By Sue Botos
For a number of years, Rocky River Public Library administrators have looked for a way to make the facility’s parking lot safer, especially at the beginning and end of daily classes at the neighboring Rocky River Middle School. Now, they hope they have a lock on the problem
According to library Director Nick Cronin, an extension of the wrought iron fence bordering the western edge of the library’s parking area is planned to run the entire length of library property. Currently, the fence ends at a walkway connecting the middle school and library parking lots. Cronin added that there will be a gate installed in the fence allowing pedestrian traffic through the walkway, except at the beginning and at the end of the school day, when it will be locked.
The plan is the latest attempt by the library to discourage parents and other drivers from using the library parking lot as a student drop-off and pickup spot.
“Regardless of our signage and attempts over the years, a small number of parents still use the area as a drop-off and pickup zone,” Cronin said recently as he pointed out the area in question to a visitor. He explained that signs directing cars to the middle school lot have been ignored, and traffic cones placed in the area have been moved by drivers. Even a police presence was only a temporary fix. “The police can’t be there all of the time. As soon as they go, the behavior resumes.”
Even the fact that the spot has been a fire lane since 2010 has not been a deterrent.
The effects of this, according to Cronin, pose an inconvenience and a danger to those using the library lot. He said cars idling near the fence block incoming traffic as well as vehicles parked in spaces at the far western end of the lot.
He added that those stopping parallel with the curb pose enough trouble, but drivers who park facing the fence are especially dangerous, due to blind spots and pedestrian traffic. “They have to reverse to continue out to Riverview,” Cronin said. He added that late last year, a library staff member was almost hit by a parent as she walked from her car in the employee parking area, which borders the western edge of library property.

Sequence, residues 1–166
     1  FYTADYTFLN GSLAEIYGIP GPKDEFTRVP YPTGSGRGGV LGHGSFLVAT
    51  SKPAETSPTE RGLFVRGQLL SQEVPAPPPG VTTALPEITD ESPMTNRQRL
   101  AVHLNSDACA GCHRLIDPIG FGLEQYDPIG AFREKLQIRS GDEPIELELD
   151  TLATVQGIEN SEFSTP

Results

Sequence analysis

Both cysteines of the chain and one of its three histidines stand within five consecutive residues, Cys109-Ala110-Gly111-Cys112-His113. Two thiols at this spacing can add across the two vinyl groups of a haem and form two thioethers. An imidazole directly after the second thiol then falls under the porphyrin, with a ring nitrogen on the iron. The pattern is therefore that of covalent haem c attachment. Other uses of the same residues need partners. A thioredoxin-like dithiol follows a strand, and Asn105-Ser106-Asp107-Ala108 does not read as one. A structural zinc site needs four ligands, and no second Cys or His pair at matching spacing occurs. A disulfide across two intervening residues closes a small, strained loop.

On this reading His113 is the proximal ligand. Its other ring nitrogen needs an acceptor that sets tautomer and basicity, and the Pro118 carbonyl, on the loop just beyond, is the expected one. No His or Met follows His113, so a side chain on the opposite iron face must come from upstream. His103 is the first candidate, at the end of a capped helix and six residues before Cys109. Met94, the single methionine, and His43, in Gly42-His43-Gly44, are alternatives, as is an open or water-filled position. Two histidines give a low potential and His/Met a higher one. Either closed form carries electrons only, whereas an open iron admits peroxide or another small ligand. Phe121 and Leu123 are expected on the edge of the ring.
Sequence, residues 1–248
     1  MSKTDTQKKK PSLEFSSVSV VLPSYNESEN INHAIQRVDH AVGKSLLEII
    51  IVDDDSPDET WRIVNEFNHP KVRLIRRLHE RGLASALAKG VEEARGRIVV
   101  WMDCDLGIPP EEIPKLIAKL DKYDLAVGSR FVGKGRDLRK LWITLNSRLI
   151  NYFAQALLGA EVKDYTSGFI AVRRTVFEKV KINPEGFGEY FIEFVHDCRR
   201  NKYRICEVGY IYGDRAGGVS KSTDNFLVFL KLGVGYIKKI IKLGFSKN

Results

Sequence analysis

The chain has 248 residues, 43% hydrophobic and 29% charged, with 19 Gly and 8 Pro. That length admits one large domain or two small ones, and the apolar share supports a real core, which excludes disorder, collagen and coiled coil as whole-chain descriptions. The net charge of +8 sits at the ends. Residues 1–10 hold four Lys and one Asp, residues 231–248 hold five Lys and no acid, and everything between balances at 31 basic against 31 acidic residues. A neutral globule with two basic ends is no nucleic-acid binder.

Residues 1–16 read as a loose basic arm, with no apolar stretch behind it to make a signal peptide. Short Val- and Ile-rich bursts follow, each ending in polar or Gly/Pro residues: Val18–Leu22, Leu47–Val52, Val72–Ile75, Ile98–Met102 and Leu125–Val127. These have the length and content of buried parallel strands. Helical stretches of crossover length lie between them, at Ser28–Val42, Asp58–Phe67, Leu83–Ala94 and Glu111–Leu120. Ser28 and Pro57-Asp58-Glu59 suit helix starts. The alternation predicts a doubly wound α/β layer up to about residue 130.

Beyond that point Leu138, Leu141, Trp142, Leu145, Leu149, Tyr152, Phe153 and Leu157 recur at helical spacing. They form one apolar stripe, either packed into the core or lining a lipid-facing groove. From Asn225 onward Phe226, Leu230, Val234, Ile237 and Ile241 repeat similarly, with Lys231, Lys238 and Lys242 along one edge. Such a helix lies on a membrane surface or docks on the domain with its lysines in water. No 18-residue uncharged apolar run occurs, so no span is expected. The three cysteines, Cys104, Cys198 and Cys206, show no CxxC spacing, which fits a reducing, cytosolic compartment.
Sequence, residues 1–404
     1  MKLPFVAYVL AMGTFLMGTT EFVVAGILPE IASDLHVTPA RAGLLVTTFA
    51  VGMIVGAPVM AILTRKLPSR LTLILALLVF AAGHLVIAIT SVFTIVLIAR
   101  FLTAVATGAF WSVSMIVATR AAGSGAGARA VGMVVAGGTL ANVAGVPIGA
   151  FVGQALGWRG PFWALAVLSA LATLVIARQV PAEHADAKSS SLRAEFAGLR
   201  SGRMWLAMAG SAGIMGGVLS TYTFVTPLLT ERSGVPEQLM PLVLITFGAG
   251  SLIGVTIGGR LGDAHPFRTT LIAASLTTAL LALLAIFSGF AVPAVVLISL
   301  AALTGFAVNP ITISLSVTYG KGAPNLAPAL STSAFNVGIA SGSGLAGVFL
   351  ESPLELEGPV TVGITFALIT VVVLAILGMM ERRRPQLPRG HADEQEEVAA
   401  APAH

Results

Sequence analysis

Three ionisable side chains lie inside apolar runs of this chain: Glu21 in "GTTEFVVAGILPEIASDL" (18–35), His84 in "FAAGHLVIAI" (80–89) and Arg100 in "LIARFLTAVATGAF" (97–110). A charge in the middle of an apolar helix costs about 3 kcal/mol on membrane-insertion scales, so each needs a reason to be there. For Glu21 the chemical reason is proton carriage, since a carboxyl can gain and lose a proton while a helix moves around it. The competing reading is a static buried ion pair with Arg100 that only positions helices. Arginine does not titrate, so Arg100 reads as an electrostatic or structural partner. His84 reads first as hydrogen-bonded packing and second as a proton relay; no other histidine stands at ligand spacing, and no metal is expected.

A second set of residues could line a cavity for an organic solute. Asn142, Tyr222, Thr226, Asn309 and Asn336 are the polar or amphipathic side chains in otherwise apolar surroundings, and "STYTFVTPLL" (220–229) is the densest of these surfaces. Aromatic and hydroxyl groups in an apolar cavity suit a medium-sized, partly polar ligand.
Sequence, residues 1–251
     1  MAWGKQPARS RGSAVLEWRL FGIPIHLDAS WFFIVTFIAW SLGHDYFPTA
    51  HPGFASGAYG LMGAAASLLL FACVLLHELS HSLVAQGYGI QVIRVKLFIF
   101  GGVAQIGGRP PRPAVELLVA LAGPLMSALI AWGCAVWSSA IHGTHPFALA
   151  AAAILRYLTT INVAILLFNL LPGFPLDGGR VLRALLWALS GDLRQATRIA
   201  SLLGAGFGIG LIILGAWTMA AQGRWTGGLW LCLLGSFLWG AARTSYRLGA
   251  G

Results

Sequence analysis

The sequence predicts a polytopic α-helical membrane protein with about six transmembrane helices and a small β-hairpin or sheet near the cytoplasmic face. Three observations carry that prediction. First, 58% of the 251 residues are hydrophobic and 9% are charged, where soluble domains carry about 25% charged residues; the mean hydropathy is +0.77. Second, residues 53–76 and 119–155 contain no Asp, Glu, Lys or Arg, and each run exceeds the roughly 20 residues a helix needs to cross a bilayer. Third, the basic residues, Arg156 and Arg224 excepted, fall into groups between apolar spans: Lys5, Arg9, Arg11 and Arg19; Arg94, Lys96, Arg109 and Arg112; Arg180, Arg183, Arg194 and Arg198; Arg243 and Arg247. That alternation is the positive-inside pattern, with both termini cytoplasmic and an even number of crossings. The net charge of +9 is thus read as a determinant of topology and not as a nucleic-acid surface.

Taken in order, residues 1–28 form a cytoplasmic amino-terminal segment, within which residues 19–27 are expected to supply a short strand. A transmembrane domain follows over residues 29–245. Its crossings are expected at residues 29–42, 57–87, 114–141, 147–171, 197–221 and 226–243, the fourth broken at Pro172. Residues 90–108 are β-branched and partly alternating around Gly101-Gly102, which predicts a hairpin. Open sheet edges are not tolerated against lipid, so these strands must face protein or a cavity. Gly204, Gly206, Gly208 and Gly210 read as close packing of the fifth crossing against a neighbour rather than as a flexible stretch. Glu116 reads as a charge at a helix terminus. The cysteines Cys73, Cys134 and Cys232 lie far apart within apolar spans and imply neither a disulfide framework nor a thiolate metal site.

Early this year, Cronin said a child was almost hit crossing the lot from the middle school by a parent who did not see the child behind the car.
“We decided to find a solution,” Cronin continued, adding that any plans for the fence will remain flexible due to the Hampton Road sewer project, which is under way and will continue beyond the opening of school in August.
The plan, according to Cronin, is to install the fence and gate during the summer, then go with the flow of the sewer work. “We may have to see how the sewer project is working. We may not use the gate until it is done,” he stated.
Cronin added that the library will be accessible at all times during the sewer work, although alternatives for the book drop may have to be used at some point. He said these details are still being discussed by the library board.
Eventually, Cronin said, the proposed gate is to be unlocked most of the time, except for about an hour before school starts and again at dismissal time. He added that the gate will also be locked after the library closes at night.
The $4,990 project, according to Cronin, will be funded by the Nyland Bequest, which was granted to the library in 1996. Although the school board controls the library budget, Cronin said the board’s approval is not needed because the work will be done on library property and privately funded.
School board President Jon Fancher commented, “The board members have different feelings about this, but we have not taken positions.”